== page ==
Hulu’s founding service — the advertising-supported, no fee TV programming platform — is ending.
The digital video platform’s original service, which started up in 2007, will be coming to an end — somewhat expected by industry analysts.
Consumers will still have free access to Hulu’s library of TV shows. In the recent expanded deal with Yahoo, Hulu will offer up five most recent episodes of shows from ABC, NBC and Fox eight days after their original TV network airing. Also Hulu shows can be seen on Comcast digital TV services.
Hulu is jointly owned by Walt Disney, 21st Century Fox, Comcast’s NBCUniversal and Time Warner. Recently, Time Warner agreed to pay $583 million for a 10% stake in the company.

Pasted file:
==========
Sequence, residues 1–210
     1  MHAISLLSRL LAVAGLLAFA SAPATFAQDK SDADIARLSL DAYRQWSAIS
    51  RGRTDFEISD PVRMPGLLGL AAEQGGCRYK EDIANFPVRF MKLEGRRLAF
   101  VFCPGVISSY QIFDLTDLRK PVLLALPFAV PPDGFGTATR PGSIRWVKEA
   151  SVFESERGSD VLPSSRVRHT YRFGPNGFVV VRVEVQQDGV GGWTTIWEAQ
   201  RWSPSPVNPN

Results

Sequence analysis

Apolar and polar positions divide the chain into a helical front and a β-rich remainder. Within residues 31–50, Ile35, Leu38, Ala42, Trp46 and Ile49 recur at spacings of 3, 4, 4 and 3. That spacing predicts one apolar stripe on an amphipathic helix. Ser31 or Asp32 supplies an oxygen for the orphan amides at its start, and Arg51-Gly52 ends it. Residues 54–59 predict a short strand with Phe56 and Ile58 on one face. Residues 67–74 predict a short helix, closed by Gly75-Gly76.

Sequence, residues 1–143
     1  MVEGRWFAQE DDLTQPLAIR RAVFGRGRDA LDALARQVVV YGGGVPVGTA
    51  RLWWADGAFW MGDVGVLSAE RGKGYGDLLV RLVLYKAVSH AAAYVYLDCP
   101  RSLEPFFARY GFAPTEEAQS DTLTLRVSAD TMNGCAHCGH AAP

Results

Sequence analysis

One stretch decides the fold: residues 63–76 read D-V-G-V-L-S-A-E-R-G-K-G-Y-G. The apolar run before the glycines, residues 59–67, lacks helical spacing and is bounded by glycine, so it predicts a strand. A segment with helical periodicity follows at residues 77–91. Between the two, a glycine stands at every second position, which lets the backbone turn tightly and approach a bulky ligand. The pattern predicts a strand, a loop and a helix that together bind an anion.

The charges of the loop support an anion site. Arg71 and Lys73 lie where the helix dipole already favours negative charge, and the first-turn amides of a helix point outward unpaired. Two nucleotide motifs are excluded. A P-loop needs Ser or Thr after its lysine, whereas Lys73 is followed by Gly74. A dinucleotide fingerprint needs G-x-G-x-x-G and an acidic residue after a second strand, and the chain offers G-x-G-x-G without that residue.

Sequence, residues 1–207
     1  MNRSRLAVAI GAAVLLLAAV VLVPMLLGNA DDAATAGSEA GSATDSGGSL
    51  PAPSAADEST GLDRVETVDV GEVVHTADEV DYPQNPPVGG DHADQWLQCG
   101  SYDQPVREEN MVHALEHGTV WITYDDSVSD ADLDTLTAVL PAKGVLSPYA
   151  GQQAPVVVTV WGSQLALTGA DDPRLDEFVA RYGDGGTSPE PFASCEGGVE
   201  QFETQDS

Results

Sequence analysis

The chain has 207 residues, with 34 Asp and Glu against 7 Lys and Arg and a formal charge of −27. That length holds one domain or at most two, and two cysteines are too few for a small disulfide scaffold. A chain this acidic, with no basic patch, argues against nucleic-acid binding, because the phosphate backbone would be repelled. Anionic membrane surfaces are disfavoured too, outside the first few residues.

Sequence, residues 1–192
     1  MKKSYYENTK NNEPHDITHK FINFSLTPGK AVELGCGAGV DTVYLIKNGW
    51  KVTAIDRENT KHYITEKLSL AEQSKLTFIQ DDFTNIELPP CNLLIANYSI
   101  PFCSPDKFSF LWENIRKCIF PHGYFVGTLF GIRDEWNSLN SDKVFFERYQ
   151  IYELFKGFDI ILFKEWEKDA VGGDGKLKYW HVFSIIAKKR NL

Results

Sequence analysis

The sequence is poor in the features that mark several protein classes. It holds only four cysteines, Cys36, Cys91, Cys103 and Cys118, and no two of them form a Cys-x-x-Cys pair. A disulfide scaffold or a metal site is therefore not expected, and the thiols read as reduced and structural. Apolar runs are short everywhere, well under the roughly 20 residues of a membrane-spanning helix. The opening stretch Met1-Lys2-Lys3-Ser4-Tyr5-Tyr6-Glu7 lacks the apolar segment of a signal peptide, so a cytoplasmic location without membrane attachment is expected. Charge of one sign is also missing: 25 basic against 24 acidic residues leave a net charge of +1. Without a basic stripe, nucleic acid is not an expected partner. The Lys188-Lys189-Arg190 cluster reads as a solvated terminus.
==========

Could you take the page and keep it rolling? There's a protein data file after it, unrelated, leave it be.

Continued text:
Hulu has been transforming to compete with the likes of Netflix and Amazon — most recently offering a no-advertising service for $11.99 a month and a limited advertising programming service for $7.99 a month.
Hulu currently has 12 million subscribers, 400 content partners, and 2,000 advertising partners.
Hulu is also looking to expand and to start up a multichannel digital pay TV service. Services like Sling TV, Sony Playstation Vue and others have already launched — mostly in pursuit of low-cost TV consumers looking to cut back on traditional high-cost pay TV services via cable, satellite or telco.